Me paraphrasing, Nicole brings up the fact that it’s kind of naïve to think that one can “seize the moment,” because the reality is that...

Most of the time,

the moment seizes you.”

You have no control over any moment, except in how you react to it.

Now I’m not revealing the film’s ending, nor are any of the scenes I’m about to mention story-ruining “spoilers.”  The beauty of “Boyhood” is that it succeeds despite its deviation from the traditional screenwriting formula, where every action is supposed to have a purpose, lead you to the next step and ultimately, to a neatly-wrapped conclusion.  Linklater’s oeuvre does none of that; it reflects life—well, at least Mason’s—simply as it unrolls. 

Sometimes, a life event may well be an important link to the future, and your choice at a fork in the road decides your ultimate destiny (see the film “Sliding Doors” as the antithesis of “Boyhood”).  But most of the time, it’s nothing.  And that’s the brilliance of this film:

Nothing really happens

as everything happens. 

For example, there’s a scene where Mason and a group of friends are drinking beer and trash-talking at some abandoned home construction site.  One of the kids picks up a circular saw blade and flings it into a sheet of gyprock standing against a wall.  As a dramatic device, this should be a turning point in the film.  After years of movie-going, we are conditioned for the treacherous blade to careen off the gyprock and straight into a character, thus setting off a chain reaction of events that drive the story forward.  But instead, the dangerous disc thunks into the sheet and stays there harmlessly.  Just another nothing moment. 

Same goes for Mason’s encounter with bullies in the boy’s bathroom, and a little love-letter passed in class that brightens his mood after a bad haircut.  Catalysts for nothing; just things that happen, then life moves on.

So in reflecting what I learned this week, the main lesson is that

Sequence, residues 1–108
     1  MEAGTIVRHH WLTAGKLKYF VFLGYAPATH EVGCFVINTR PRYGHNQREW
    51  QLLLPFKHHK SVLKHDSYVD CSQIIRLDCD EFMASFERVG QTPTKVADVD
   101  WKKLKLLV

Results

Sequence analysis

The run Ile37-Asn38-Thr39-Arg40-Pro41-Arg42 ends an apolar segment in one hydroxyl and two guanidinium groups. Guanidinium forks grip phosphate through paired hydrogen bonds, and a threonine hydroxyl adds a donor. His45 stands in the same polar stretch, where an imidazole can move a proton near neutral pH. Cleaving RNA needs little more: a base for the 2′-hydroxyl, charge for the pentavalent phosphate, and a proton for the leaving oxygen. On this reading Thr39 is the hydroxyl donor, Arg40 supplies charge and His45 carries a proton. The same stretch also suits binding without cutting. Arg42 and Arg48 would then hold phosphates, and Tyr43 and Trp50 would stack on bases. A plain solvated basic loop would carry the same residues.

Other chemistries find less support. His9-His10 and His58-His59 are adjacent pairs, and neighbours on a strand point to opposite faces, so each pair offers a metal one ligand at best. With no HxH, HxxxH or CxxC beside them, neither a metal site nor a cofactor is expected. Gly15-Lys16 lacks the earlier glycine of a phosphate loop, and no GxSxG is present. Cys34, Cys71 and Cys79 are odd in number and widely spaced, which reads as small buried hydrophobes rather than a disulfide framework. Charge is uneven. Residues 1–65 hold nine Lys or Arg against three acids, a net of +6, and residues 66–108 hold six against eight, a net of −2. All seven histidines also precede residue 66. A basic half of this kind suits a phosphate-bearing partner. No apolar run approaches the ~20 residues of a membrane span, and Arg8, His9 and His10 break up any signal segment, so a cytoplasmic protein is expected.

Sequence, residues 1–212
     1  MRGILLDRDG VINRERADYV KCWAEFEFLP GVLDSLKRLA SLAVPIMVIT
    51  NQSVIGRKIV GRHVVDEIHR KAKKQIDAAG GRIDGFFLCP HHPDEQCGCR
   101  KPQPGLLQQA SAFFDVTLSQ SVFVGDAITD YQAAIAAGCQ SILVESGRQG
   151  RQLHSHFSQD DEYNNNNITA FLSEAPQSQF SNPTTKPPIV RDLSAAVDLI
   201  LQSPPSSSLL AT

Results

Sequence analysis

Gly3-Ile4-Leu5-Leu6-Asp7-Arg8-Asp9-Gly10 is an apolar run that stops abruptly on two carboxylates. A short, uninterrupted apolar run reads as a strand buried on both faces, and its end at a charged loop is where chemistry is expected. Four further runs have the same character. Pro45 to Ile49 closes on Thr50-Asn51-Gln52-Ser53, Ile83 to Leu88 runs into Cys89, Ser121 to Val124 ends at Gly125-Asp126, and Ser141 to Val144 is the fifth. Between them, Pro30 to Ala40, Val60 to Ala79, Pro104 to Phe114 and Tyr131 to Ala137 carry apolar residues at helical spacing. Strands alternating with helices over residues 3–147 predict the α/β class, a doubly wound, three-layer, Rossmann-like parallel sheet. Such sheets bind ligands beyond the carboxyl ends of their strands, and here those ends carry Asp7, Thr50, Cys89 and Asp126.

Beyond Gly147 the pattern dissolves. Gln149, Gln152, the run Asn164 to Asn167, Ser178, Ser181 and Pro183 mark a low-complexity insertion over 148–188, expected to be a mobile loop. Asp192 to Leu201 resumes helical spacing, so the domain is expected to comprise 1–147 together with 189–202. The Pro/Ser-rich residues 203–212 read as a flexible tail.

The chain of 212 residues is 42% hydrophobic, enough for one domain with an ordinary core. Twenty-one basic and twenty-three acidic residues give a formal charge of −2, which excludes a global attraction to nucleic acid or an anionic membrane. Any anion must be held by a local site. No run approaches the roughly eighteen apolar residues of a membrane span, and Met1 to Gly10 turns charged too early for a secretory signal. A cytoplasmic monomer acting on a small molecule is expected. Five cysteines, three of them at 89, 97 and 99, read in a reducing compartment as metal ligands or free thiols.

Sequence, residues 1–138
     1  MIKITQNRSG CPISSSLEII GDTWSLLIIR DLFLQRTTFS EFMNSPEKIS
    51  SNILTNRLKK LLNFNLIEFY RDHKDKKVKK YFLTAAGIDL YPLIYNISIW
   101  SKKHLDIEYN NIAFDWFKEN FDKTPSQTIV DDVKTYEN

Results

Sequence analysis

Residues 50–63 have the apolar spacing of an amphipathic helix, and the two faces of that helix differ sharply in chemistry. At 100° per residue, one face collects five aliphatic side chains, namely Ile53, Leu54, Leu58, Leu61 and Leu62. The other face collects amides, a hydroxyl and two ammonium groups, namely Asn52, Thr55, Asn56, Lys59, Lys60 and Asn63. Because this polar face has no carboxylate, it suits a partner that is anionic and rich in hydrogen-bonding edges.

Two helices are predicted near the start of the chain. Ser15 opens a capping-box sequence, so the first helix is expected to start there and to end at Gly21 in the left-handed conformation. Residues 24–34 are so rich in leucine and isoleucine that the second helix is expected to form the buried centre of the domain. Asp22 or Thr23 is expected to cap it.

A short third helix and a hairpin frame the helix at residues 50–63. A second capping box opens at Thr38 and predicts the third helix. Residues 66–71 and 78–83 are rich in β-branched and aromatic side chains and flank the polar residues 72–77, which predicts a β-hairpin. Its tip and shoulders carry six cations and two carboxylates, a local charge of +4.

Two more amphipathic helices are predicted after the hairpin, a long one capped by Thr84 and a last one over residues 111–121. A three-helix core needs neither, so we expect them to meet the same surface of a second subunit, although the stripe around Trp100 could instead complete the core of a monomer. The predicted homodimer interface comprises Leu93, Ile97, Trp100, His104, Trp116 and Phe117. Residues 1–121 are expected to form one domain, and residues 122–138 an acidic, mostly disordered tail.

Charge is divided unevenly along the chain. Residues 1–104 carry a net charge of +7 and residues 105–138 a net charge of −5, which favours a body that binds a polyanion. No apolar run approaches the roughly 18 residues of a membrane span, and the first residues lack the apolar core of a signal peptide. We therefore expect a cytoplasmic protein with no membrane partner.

Most everything leads to nothing. 

And more importantly,

there’s nothing wrong with nothing!

Notwithstanding the beliefs of the more spiritual among us, not everything is connected (sorry, Butterfly Effect).  And even when there is a connection, it does not necessarily imply causation.  Life is WAY MORE random than we think, and WAY LESS predetermined and profound in the way it rolls out. 

Maybe this is reflective of a general August “chill out” mood swing, but thanks to Richard Linklater and “Boyhood,” I’m learning to see and accept things as they are, and not put too much weight or thought into the “why.”

I recognize how little I actually control in life, and how much fun there is in watching it go by, reacting when I need to.  That said, I’m gonna strap myself in tight, and enjoy the ride.

So come on, moments!  I’m waiting. 

Seize me!

August 4, 2014, 09:15:00 AM

What I Learned This Week: What Works (For Me, At Least)


One thing I’ve learned over the course of close to eight years on consistent blogging is that you never, ever, EVER know which post will resonate.

Sometimes, you feel like you are floating on a cloud of greatness as words of sheer genius effortlessly pour out of you, only to find the ensuing “masterpiece” to be unanimously ignored.  Other times, you toss off a few lines of throwaway afterthought just to keep your consecutive post streak alive and they resound with an ever-growing public like a rogue sine wave.

Such was the case a few weeks ago, when I responded to a collective challenge to write about “What I Wish I Knew When I Was 22.”  At the time, I was busy finalizing a few other projects, got to the idea late, and was thoroughly convinced that the other people asked would be way more profound than yours truly.  I was almost embarrassed to click the “publish” button when done, but a promise was a promise, so I did…and ended up with one of my most popular posts in two years.  Go figure…

Prevalent in the gush of reaction to said post was a question about my own guiding principles, most notably:

“If that’s what you wish 

you knew then,

what do you know now?”

Can’t say I actually “know” much, but I most definitely have a series of somewhat interconnected values I try to live by.  They change a bit from year-to-year, but they are consistent in that they are listed at the back of my annual personal journal, to be referenced at a moment’s notice, or showed to others to prove I actually have some values.

So, to that end, and in response to those who responded to my surprise hit blog post, in no particular order except the last one, here are my ways to be/things to remember (and a little explanation/commentary with each one):

Do Rewarding WorkIt doesn’t have to be ground-breaking or exciting, but what you do should reward you with a sense of personal gratification, satisfaction and happiness. Very subjective!

Create DemandPerhaps my favorite, most quoted, and most difficult value to live by.  Do things that make people want you!

Be Spectacular and DifferentWill help with the demand thing, that’s for sure!  Sameness sucks.